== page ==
Market Sector Update
- U.S. equities delivered solid returns for the third quarter, even hitting a record high late in the period in one broad market index. Global equities also gained during the quarter, delivering even stronger returns.
- Stocks reacted positively in late September to the Federal Reserve’s decision to delay a reduction in its bondbuying program. Continued slow but steady growth in U.S. gross domestic product, jobs, housing and other economic indicators also supported equities.
- The U.S. Congress failed to reach a federal budget agreement at the end of the quarter, which unsettled markets late in the period and prompted fears of a similar impasse on the upcoming debate about increasing the debt ceiling. Fears of another downgrade on U.S. debt or even a default weighed on prices.
- China’s economy showed growth again in the quarter, although at the slower pace seen all year. Gains in retail sales and some improvement in manufacturing have supported the economy. China also has gained benefit from its trade with improving economies in the U.S., Europe and Japan.
- The Fund posted a strongly positive return (before the effect of sales charges) for the quarter, above the return of its allequities benchmark.
- We continued to focus on the Fund’s allocation to equities as the quarter unfolded, further diversifying the portfolio while reducing that allocation. The Fund at the end of the quarter had 70% of its gross assets in equities and 16% in cash. We intend to be opportunistic with the cash position, looking for investments that we consider attractive at the company, sector or country level.
- The Fund’s overweight position and stock selection in the consumer discretionary sector as well as its stock selection in the information technology and financials sectors contributed to relative performance.
- The Fund continues to invest in gold – which contributed to performance for the quarter – based on our view that aggressive monetary policy leads to a preference for a hard currency, such as gold, over fiat currencies that we think are more susceptible to a loss of value.
- The Fund continues to use a key central theme around the growth in consumption from the expanding middle class in emerging markets. We still believe there are select opportunities to participate in the rising prosperity of these individuals across Asia.
- The bull market in equities has run for more than four years, and we’re watching a multi-decade bull market in fixed income. We think it is important now to analyze the sources of future potential economic growth and the expectations already priced into the markets.
- In our view, the “easy money” has been made in equities and we think it will be more difficult from here, requiring careful security selection, risk management and attention to actions of policy makers worldwide.
The opinions expressed in this commentary are those of the Fund’s managers and are current through Sept. 30, 2013. The managers’ views are subject to change at any time based on market and other conditions, and no forecasts can be guaranteed. Past performance is no guarantee of future results.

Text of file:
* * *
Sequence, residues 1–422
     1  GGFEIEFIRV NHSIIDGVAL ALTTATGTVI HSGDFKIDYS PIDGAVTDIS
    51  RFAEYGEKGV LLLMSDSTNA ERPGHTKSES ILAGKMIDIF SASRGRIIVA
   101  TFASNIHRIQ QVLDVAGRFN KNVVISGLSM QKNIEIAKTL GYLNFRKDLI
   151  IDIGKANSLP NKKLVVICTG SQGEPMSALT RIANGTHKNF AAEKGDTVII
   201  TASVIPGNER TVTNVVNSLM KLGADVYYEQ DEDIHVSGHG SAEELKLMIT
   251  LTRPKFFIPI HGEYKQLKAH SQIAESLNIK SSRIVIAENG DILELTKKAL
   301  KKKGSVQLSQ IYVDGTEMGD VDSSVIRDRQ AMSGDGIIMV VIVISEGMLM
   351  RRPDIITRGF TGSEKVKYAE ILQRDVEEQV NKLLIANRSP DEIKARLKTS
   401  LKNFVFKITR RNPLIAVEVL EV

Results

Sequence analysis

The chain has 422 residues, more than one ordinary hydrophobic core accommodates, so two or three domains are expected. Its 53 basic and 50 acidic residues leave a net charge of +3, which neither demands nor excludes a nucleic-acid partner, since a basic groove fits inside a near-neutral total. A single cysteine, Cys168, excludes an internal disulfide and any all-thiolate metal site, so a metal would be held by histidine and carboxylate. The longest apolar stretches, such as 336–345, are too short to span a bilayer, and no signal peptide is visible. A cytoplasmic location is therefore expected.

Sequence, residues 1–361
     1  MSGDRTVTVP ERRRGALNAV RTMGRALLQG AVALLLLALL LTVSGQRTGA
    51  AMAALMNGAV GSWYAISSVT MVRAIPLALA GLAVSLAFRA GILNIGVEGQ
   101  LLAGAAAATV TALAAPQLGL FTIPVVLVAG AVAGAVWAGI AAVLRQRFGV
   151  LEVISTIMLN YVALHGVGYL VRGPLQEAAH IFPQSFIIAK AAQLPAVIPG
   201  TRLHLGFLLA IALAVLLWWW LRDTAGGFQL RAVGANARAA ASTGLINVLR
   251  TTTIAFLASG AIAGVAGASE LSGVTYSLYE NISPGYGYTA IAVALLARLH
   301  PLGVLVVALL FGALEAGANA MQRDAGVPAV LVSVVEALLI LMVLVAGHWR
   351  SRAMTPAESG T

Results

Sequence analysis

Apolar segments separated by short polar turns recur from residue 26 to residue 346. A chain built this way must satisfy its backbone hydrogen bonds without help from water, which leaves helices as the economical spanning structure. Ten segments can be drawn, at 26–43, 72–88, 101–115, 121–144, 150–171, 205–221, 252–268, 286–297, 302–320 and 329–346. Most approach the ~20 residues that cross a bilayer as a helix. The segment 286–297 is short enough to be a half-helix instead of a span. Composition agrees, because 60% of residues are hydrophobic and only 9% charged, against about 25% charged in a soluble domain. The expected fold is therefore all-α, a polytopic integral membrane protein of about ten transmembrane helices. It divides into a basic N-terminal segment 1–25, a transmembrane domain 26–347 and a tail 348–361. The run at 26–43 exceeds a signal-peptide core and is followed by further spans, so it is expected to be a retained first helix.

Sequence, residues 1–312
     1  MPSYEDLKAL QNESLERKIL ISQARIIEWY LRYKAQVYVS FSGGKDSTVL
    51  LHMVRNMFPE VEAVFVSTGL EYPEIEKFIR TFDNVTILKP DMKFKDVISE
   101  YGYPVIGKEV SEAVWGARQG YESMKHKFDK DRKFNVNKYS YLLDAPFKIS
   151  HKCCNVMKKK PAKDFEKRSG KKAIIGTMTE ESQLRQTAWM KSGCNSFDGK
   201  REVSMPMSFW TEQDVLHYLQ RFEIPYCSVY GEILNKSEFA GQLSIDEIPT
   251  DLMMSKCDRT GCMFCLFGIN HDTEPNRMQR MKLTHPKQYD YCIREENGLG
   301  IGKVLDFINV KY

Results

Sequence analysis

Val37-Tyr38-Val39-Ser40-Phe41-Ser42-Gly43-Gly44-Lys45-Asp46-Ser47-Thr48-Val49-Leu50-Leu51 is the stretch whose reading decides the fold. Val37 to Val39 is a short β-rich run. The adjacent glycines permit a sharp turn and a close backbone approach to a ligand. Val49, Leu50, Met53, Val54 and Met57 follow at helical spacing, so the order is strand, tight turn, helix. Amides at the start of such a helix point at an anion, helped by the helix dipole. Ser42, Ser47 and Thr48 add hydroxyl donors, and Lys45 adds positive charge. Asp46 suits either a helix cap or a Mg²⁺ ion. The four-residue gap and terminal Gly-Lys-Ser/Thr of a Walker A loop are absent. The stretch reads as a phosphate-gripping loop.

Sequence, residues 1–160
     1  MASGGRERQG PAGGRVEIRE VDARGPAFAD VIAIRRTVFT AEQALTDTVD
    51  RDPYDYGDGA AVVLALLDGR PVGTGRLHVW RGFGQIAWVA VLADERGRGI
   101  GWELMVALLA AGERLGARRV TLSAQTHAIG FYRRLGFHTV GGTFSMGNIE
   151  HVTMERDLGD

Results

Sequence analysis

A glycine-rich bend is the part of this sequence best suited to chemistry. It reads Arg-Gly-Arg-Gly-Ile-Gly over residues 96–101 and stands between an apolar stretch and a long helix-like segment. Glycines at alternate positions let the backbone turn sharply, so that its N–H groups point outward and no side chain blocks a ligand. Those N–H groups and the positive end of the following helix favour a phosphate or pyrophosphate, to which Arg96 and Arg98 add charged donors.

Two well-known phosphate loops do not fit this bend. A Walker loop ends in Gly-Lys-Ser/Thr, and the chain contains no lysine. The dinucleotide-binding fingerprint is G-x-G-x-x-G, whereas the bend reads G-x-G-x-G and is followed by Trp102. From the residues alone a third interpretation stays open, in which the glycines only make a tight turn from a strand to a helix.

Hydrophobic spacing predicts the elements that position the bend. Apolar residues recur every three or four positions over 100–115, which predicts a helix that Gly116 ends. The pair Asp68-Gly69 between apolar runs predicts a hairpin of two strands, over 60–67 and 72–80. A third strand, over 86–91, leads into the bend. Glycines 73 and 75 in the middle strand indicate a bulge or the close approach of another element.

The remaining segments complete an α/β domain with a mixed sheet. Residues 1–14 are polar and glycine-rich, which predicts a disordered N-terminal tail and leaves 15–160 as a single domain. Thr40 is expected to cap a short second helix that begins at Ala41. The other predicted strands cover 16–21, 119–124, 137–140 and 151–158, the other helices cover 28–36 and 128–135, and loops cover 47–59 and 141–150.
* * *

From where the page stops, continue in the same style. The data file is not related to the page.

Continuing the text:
Risk Factors. As with any mutual fund, the value of the Fund’s shares will change, and you could lose money on your investment. An investment in the Fund is not a bank deposit and is not insured or guaranteed by the Federal Deposit Insurance Corporation or any other government agency. The Fund may allocate from 0 to 100% of its assets between stocks, bonds and short-term instruments of issuers around the globe, as well as investments in precious metals and investments with exposure to various foreign securities. International investing involves additional risks, including currency fluctuations, political or economic conditions affecting the foreign country, and differences in accounting standards and foreign regulations. These risks are magnified in emerging markets. Fixed-income securities are subject to interest-rate risk and, as such, the net asset value of the Fund may fall as interest rates rise. Investing in high-income securities may carry a greater risk of nonpayment of interest or principal than higher-rated bonds. The Fund may focus its investments in certain regions or industries, thereby increasing its potential vulnerability to market volatility. The Fund may seek to hedge market risk on various securities, increase exposure to various markets, manage exposure to various foreign currencies, precious metals and various markets, and seek to hedge certain event risks on positions held by the Fund. Such hedging involves additional risks, as the fluctuations in the values of the derivatives may not correlate perfectly with the overall securities markets or with the underlying asset from which the derivative’s value is derived. Investing in commodities is generally considered speculative because of the significant potential for investment loss due to cyclical economic conditions, sudden political events, and adverse international monetary policies. Markets for commodities are likely to be volatile and the Fund may pay more to store and accurately value its commodity holdings than it does with the Fund’s other holdings. These and other risks are more fully described in the Fund's prospectus. Not all funds or fund classes may be offered at all broker / dealers.
Investors should consider the investment objectives, risks, charges and expenses of a fund carefully before investing. For a prospectus, or if available, a summary prospectus, containing this and other information for the mutual funds offered by Waddell & Reed, call your financial advisor or visit us online at www.waddell.com. Please read the prospectus or summary prospectus carefully before investing.